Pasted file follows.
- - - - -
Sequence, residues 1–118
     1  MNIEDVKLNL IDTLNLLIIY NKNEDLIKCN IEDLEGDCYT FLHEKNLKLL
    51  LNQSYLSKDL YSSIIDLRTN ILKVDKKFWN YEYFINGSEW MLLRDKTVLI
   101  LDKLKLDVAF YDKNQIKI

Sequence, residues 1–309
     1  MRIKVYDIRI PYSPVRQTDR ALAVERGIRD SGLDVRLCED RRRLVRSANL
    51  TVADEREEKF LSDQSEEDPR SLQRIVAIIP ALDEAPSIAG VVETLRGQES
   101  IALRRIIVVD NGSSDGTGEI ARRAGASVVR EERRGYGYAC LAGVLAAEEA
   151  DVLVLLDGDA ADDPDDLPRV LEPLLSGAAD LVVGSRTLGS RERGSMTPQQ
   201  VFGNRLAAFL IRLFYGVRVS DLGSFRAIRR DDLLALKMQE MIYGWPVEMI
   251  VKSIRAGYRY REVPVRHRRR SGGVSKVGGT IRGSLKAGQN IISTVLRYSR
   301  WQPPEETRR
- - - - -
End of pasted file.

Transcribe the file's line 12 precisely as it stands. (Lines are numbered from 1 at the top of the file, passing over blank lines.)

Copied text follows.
   301  WQPPEETRR